"Let's get one thing straight Mr Holiday," Englehorn looked at him with steel in his eyes and ice in his voice, a puff of smoke hovering ominously between them. His voiced rose so it could be heard by the entire crew above deck. "O'Brien is irrelevant, I neither care nor have any interest in her feelings or your feelings towards her, but," he paused. "The next time you question my decisions with such gall and no reason except for your prejudice you'd better hope I'm feeling nice enough to let you keep your bond." After a moment the dock swung back into life again. Rick blanched and nodded self-consciously, his mouth apparently dried up of words. Susan looked at him derisively and raised an eyebrow as he took a last angry glance and moved swiftly down dock. Englehorn pinched the bridge of his nose and turned to the engineer.

"Get on with it O'Brein," he sighed wearily. "All this drama better be worth your job." Susan shifted her weight nervously.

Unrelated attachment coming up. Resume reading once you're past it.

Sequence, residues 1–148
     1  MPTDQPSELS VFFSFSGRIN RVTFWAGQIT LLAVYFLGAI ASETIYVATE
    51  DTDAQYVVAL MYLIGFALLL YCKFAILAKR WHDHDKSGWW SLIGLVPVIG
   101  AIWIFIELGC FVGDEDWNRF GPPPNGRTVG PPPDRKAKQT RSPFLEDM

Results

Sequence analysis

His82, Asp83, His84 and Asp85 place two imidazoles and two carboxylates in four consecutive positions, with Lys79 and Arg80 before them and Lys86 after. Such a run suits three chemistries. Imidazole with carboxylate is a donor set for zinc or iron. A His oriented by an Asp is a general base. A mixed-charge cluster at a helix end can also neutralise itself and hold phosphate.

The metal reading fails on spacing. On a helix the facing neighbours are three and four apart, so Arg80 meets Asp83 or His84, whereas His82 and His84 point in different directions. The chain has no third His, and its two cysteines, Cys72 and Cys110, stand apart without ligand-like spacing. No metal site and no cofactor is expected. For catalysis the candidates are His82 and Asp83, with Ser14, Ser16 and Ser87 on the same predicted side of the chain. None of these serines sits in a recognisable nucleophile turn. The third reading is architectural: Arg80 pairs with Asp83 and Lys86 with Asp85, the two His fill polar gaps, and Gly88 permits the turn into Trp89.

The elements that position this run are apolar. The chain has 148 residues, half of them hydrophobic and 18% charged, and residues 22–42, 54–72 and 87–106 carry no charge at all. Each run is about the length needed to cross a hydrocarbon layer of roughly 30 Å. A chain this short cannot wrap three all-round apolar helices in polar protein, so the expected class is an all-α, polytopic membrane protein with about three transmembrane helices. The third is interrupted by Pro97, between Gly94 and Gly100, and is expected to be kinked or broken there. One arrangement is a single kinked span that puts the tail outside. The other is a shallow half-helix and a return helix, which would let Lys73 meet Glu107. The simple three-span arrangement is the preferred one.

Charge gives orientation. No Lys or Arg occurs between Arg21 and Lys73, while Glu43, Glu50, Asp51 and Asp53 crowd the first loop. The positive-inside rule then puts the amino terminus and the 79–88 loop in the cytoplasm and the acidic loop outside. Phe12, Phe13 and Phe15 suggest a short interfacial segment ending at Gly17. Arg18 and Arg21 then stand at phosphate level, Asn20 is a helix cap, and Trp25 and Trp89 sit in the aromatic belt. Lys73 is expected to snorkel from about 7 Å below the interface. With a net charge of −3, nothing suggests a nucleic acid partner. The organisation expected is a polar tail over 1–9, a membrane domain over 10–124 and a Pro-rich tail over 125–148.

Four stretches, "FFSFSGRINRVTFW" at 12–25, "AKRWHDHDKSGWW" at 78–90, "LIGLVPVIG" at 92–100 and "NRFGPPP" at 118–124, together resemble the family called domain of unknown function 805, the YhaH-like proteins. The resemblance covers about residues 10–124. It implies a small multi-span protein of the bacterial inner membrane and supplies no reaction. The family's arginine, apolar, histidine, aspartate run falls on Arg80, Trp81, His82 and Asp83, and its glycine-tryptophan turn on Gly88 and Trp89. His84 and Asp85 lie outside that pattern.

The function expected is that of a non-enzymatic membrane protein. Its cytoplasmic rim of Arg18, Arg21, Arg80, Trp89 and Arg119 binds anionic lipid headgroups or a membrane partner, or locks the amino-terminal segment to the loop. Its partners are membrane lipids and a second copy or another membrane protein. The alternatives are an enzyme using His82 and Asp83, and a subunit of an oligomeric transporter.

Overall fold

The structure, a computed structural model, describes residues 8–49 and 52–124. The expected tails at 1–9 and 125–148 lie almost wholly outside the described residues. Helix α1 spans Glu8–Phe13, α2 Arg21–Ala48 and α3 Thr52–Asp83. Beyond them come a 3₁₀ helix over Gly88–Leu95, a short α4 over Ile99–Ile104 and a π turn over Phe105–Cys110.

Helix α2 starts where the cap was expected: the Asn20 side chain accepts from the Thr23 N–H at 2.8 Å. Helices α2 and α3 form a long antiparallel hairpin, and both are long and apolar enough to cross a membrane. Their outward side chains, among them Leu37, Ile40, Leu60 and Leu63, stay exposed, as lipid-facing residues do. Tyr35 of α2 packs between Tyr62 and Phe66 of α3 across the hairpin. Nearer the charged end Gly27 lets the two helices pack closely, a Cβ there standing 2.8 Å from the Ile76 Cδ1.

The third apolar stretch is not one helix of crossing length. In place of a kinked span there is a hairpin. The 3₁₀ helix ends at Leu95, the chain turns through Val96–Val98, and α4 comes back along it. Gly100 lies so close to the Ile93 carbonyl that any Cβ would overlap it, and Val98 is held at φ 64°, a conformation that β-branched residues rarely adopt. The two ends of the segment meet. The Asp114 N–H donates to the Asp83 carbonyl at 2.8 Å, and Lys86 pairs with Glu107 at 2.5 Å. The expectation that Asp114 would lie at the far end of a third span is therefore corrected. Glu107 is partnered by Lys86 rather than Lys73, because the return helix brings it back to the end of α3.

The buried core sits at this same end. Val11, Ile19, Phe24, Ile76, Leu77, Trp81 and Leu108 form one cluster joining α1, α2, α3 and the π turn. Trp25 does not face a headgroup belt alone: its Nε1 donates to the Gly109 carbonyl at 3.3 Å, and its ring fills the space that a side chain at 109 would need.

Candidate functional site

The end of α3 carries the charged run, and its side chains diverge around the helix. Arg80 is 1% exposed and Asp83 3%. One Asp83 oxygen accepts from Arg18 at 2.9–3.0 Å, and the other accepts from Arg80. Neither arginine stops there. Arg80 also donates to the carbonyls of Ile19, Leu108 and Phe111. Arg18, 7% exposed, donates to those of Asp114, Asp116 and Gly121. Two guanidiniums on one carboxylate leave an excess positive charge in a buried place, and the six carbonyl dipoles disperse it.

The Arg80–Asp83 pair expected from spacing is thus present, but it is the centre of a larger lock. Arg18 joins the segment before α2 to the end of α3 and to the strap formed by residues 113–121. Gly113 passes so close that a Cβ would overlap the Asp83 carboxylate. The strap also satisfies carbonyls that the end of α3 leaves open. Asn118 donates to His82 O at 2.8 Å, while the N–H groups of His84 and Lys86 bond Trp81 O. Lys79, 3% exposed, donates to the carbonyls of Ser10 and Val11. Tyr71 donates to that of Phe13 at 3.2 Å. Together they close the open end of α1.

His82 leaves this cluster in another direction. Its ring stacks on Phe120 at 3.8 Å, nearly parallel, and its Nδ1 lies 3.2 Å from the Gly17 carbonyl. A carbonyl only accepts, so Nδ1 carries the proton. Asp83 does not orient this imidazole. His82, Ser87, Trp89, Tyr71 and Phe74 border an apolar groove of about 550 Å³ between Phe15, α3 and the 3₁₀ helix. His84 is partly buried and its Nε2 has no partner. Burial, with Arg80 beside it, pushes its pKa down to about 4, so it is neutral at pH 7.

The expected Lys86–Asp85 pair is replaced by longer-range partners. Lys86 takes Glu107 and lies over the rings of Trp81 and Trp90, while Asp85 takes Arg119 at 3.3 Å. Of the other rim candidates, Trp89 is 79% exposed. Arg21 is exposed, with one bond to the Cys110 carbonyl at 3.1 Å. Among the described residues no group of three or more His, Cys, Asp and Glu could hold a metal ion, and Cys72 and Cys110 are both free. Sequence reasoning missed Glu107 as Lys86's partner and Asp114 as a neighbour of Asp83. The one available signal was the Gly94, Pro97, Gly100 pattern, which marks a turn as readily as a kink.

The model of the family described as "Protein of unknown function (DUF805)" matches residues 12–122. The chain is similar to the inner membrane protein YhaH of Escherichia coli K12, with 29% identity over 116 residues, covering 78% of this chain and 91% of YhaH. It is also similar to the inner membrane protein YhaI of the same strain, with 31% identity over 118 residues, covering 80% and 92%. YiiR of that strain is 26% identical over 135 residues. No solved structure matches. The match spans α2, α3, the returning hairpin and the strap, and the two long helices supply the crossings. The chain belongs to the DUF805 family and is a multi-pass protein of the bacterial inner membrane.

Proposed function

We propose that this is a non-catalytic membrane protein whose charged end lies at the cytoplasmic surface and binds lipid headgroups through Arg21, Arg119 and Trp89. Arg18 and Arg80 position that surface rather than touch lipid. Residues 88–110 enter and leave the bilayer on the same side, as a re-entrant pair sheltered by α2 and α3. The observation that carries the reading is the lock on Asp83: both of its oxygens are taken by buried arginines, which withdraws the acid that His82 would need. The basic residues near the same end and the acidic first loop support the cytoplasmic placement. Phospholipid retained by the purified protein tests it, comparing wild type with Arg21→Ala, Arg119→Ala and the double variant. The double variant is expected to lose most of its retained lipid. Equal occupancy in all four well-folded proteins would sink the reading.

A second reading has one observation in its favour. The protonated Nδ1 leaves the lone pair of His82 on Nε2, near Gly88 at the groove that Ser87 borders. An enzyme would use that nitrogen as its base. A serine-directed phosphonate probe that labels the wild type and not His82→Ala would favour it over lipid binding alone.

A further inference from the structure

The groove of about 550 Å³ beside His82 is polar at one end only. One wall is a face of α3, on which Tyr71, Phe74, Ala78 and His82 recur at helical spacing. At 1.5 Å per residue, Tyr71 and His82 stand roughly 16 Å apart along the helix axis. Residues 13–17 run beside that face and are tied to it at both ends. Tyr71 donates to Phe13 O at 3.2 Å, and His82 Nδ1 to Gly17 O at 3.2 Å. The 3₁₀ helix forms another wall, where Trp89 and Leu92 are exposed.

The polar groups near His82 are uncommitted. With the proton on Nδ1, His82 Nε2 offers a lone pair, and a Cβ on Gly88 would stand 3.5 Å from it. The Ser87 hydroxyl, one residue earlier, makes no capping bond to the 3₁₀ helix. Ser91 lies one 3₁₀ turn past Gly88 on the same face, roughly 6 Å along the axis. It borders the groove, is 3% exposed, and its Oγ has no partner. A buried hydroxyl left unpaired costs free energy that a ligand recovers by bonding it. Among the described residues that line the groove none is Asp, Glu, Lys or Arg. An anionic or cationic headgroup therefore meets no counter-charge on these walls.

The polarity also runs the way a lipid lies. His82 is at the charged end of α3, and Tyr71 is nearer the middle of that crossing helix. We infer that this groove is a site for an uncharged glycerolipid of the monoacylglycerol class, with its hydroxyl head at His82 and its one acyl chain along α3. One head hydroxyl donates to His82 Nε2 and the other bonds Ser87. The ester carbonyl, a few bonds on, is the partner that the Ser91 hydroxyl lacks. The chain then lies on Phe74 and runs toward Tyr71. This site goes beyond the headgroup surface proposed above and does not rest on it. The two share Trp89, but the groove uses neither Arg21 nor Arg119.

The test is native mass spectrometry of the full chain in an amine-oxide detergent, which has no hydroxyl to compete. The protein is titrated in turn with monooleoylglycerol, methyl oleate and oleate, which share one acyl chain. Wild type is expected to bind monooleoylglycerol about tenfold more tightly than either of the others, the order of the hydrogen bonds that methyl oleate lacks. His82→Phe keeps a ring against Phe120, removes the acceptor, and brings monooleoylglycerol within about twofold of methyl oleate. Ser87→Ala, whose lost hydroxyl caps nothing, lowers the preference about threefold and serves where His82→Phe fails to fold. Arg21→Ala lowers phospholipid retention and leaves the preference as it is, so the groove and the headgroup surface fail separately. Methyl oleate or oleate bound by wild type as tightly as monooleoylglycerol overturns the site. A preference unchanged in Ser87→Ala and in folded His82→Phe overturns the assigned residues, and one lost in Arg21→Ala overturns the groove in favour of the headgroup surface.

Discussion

"Uhhh, anyway," she paused trying to get her brain around what had just happened. "I think that if a respectable captain came forward to buy the thing instead of me he'd lower his price." She fidgeted nervously. Englehorn looked at Hayes who nodded, apparently more relaxed now that the tension had subsided somewhat.

"He probably would," Englehorn considered it. Hayes added, "It's not like it would cost more than it would extending our docking period and not to mention the deadline." This was true.

"Very well," Englehorn turned to Susan. "Show me the place." She seemed to jump into action at his direct order and bounced on the balls of her toes. Englehorn turned to Hayes. "We have Rupees from Kantamnemi yes?" the first mate nodded.

"He paid us when we arrived," Hayes flipped a paper over on his writing board, examining it closely. "Yes, it's in the safe." Englehorn nodded and looked to Susan.